Some market participants have voiced concern over the future ability for investors to redeem their holdings due to the perceived limited number of intraday updates. In a recent industry blog post , two Goldman Sachs executives said: “Under the old money market rules, investors generally could access money in prime funds on an hourly basis. In multiple-NAV prime funds, however, a need for precise timing of trade execution arises.”

The executives argued that redemption requests made at 8:05 a.m., for example, might not be processed until the next NAV update at noon.

“Three hours may not seem like a lot in some others contexts. For some corporate treasurers with immediate liquidity needs or certain types of liquidity investors who access cash throughout the day, however, we think this may be a game changer,” they added.

Challenges emerge when markets become volatile

Echoing the concerns raised by the Goldman executives, others say that the real challenge will come when markets enter a period of sustained volatility. During such periods funds will have to rely not only on their internal valuation models, but also from those supplied by external vendors. If the recent market volatility seen after Britain’s referendum to exit the European Union is any guide, funds might face considerable challenges in obtaining values that represent so-called “fair value.”

Sam Mulliner, a partner at Deloitte, and who also participated in the Thomson Reuters webinar, asked: “How much thought has gone into instances of where the markets have gone under duress, and where you have high volatility? What is going to be the process or levers that you can pull to get through a full NAV within that three-hour window?”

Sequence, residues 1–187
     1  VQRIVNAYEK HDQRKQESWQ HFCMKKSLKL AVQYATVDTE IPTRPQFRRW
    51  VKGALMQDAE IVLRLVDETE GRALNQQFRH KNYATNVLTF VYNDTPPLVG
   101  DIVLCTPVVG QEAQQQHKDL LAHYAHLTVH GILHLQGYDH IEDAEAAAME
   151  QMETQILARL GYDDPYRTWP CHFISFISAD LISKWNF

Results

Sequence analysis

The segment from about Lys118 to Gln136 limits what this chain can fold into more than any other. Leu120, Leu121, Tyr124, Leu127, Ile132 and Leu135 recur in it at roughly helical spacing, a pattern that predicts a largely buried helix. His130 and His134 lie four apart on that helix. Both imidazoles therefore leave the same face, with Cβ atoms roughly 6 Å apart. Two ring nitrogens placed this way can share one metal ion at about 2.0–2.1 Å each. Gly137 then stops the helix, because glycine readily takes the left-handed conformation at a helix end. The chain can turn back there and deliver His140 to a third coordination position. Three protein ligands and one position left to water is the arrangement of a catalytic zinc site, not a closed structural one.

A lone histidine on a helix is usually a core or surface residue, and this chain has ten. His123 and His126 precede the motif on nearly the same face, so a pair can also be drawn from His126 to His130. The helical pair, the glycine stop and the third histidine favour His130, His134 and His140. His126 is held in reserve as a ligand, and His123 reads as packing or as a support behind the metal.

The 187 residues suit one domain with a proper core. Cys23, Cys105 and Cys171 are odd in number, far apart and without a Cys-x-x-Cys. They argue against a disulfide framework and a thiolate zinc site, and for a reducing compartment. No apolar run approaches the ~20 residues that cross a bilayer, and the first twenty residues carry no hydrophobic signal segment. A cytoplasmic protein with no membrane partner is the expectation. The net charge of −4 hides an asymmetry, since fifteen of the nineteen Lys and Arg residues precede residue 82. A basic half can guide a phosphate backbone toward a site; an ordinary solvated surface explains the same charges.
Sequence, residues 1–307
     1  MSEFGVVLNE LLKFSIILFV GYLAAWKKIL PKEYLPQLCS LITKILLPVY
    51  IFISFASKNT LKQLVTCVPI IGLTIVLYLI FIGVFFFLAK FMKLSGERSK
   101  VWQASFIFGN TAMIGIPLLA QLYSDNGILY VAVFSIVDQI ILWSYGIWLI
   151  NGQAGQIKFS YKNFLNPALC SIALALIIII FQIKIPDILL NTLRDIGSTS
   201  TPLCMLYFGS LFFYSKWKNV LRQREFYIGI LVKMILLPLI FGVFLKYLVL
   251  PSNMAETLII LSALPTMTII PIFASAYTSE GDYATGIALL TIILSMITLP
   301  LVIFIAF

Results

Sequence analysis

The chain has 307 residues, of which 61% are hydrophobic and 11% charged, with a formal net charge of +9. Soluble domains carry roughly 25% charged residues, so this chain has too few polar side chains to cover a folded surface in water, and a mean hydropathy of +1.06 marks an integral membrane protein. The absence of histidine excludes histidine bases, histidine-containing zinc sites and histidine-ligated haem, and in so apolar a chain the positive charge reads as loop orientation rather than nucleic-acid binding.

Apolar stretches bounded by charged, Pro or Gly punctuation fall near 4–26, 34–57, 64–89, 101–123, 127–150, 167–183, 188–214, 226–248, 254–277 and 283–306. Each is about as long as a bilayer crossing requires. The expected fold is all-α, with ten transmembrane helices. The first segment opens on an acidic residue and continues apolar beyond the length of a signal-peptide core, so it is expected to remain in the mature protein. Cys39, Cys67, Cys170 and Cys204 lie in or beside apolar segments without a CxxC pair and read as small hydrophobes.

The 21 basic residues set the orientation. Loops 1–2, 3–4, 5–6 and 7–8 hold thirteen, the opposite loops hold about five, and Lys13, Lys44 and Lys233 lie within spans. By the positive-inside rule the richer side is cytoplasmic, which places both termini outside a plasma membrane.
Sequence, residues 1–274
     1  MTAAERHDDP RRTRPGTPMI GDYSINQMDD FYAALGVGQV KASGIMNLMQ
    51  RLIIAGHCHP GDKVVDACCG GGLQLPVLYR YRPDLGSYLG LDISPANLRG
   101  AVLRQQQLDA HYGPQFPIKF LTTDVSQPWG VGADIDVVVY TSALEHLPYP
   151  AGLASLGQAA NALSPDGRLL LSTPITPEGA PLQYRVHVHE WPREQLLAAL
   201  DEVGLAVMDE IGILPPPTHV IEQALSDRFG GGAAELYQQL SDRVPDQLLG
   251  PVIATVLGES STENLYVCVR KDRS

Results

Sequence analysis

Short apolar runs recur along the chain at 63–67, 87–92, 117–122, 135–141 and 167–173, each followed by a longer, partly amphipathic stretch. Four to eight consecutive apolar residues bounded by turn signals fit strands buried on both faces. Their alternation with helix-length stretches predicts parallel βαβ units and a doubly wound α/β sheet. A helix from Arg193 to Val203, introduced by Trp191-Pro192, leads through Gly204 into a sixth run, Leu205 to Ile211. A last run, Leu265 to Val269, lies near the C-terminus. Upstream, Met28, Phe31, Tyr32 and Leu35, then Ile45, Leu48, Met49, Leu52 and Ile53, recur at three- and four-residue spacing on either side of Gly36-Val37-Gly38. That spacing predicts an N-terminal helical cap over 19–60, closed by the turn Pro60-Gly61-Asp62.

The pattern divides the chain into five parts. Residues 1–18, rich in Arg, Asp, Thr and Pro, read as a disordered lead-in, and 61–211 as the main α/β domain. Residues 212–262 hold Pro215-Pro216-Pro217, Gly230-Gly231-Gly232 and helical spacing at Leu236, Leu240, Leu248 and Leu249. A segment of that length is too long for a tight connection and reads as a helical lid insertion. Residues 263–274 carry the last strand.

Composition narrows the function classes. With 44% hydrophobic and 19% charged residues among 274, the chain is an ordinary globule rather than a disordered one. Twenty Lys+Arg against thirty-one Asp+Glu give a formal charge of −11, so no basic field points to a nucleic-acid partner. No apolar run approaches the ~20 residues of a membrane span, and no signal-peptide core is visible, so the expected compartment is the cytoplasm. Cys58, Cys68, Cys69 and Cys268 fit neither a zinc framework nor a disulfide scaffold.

Mulliner cited research by Deloitte that showed money market fund managers seeing volumes during the Brexit market turmoil that were “three, four, five times what they would see on a normal day.”


(This article was produced by Thomson Reuters Regulatory Intelligence and initially posted on July. 6. Regulatory Intelligence provides a single source for regulatory news, analysis, rules and developments, with global coverage of more than 400 regulators and exchanges. Follow Regulatory Intelligence compliance news on Twitter: @thomsonreuters)

(Henry Engler is a North American Regulatory Intelligence Editor for Thomson Reuters Regulatory Intelligence. He is a former financial industry compliance consultant and executive, and earlier served as a financial journalist with Reuters. Email Henry at henry.engler@thomsonreuters.com)


No comments so far

We welcome comments that advance the story through relevant opinion, anecdotes, links and data. If you see a comment that you believe is irrelevant or inappropriate, you can flag it to our editors by using the report abuse links. Views expressed in the comments do not represent those of Reuters. For more information on our comment policy, see http://blogs.reuters.com/fulldisclosure/2010/09/27/toward-a-more-thoughtful-conversation-on-stories/